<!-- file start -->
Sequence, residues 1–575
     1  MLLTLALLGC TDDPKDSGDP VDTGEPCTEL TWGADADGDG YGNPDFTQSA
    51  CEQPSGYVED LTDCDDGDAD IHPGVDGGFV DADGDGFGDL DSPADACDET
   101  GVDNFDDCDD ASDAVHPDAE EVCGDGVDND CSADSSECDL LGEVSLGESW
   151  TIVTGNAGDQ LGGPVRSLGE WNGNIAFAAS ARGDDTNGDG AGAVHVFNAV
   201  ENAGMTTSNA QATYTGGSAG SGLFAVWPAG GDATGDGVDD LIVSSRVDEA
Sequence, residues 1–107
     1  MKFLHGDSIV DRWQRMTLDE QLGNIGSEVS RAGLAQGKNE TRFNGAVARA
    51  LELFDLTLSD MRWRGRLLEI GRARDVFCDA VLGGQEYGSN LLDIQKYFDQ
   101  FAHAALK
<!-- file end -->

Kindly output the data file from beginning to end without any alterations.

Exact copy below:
Sequence, residues 1–575
     1  MLLTLALLGC TDDPKDSGDP VDTGEPCTEL TWGADADGDG YGNPDFTQSA
    51  CEQPSGYVED LTDCDDGDAD IHPGVDGGFV DADGDGFGDL DSPADACDET
   101  GVDNFDDCDD ASDAVHPDAE EVCGDGVDND CSADSSECDL LGEVSLGESW
   151  TIVTGNAGDQ LGGPVRSLGE WNGNIAFAAS ARGDDTNGDG AGAVHVFNAV
   201  ENAGMTTSNA QATYTGGSAG SGLFAVWPAG GDATGDGVDD LIVSSRVDEA
Sequence, residues 1–107
     1  MKFLHGDSIV DRWQRMTLDE QLGNIGSEVS RAGLAQGKNE TRFNGAVARA
    51  LELFDLTLSD MRWRGRLLEI GRARDVFCDA VLGGQEYGSN LLDIQKYFDQ
   101  FAHAALK